3 Keep Track of Progress on Your Website & Stay Involved
One of the best ways to ensure a smooth web designer-client relationship is to be involved in each phase of the project, and, truly view it as a collaboration.
Results can suffer and deadlines can easily be missed when you start a web design project and then you disappear until right before the launch date. It is also not a great idea for a web designer to hide while working on the design of a website and only get in touch with you for feedback once the final product is ready.
If either party waits too long before reviewing the work, some important requirements may be missed. It is better to spot problems as they arise rather than after a considerable investment of the web designer’s time. Not only can this increase cost, it can also lead to friction and frustration. Ultimately, it’s the quality of the website that suffers when the client-web designer relationship is not maintained throughout the project.
Stay involved in each phase of the project, from reviewing initial sketches and wireframes, to evaluating prototypes and participating in the site’s testing. This last point is especially important. Your knowledge of your customer base is invaluable when it comes to usability testing and how your customers would likely navigate the site.
A truly collaborative approach involving both you and your web designer in the creation of the final product, is the most productive and conducive to a successful outcome.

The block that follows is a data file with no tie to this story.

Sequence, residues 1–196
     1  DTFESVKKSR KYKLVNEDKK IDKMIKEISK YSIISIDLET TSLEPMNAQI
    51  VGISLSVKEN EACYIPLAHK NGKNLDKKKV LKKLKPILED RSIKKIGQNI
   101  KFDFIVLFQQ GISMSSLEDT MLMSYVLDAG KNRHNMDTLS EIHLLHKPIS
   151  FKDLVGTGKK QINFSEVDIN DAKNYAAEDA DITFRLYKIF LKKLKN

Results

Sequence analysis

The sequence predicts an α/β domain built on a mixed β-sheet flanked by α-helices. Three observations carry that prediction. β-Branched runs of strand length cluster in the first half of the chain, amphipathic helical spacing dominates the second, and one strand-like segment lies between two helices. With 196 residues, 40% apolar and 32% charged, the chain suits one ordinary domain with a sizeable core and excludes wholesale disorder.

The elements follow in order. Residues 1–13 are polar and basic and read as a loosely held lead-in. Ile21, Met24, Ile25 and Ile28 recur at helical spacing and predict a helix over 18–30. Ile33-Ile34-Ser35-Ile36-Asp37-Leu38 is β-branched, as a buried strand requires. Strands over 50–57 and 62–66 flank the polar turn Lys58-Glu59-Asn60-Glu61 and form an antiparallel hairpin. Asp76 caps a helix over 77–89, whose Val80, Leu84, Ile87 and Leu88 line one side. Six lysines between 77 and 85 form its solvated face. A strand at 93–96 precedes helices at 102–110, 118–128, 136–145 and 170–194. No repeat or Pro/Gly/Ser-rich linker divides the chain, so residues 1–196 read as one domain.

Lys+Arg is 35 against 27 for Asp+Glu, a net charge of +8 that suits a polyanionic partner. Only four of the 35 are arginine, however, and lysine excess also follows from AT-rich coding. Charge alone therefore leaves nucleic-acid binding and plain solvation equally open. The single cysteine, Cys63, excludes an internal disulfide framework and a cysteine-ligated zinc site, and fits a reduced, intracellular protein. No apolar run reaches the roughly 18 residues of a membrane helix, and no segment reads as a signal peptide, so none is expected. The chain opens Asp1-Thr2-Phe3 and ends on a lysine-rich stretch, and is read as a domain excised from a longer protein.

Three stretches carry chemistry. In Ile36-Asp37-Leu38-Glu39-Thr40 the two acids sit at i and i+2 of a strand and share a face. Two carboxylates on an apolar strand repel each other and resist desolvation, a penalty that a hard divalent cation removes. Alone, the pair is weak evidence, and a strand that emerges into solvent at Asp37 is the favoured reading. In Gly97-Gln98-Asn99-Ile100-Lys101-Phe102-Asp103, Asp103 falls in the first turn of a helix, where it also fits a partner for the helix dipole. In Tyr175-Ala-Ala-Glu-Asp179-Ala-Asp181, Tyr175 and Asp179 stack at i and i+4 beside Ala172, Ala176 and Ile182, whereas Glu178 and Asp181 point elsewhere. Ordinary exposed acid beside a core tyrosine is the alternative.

4 Trust your web designer
I know it might be hard, but it is necessary - you will need to give up control. That does not mean you won't get what you want or that you can't offer feedback, but micromanaging the design process is not a good idea. You are hiring a web designer because you value his or her expertise and skill, so trust us to take your initial input and create a website that works.
While it's important for designers to be open to constructive feedback and suggestions, it is also important for you to realise that a web designer’s role has more experience, pursues the best path possible, use informed opinions and approaches the project from a user’s perspective.
After you have found the right web designer, establishing a good client-web designer relationship goes a long way to ensuring the success of your project. Make sure expectations are clear, that you provide information and content that is needed, and stay involved throughout the process.
Next to that be sure you have a good website contract in place which details all possibilities, no matter how unfortunate or unlikely. It’s better to be on the safe side and it gives you peace of mind to concentrate on a productive collaboration with your web designer.
Most importantly, trust that you’ve found the right web designer and allow them to use their talents to their best abilities without micromanaging or forcing them to implement solutions. By keeping good communication and staying involved throughout, you can also catch problems right as they arise and keep your timeframe moving forward towards launching your site.
If you need any help with your next website project and are look for a friendly and enthusiastic web designer, please get in touch!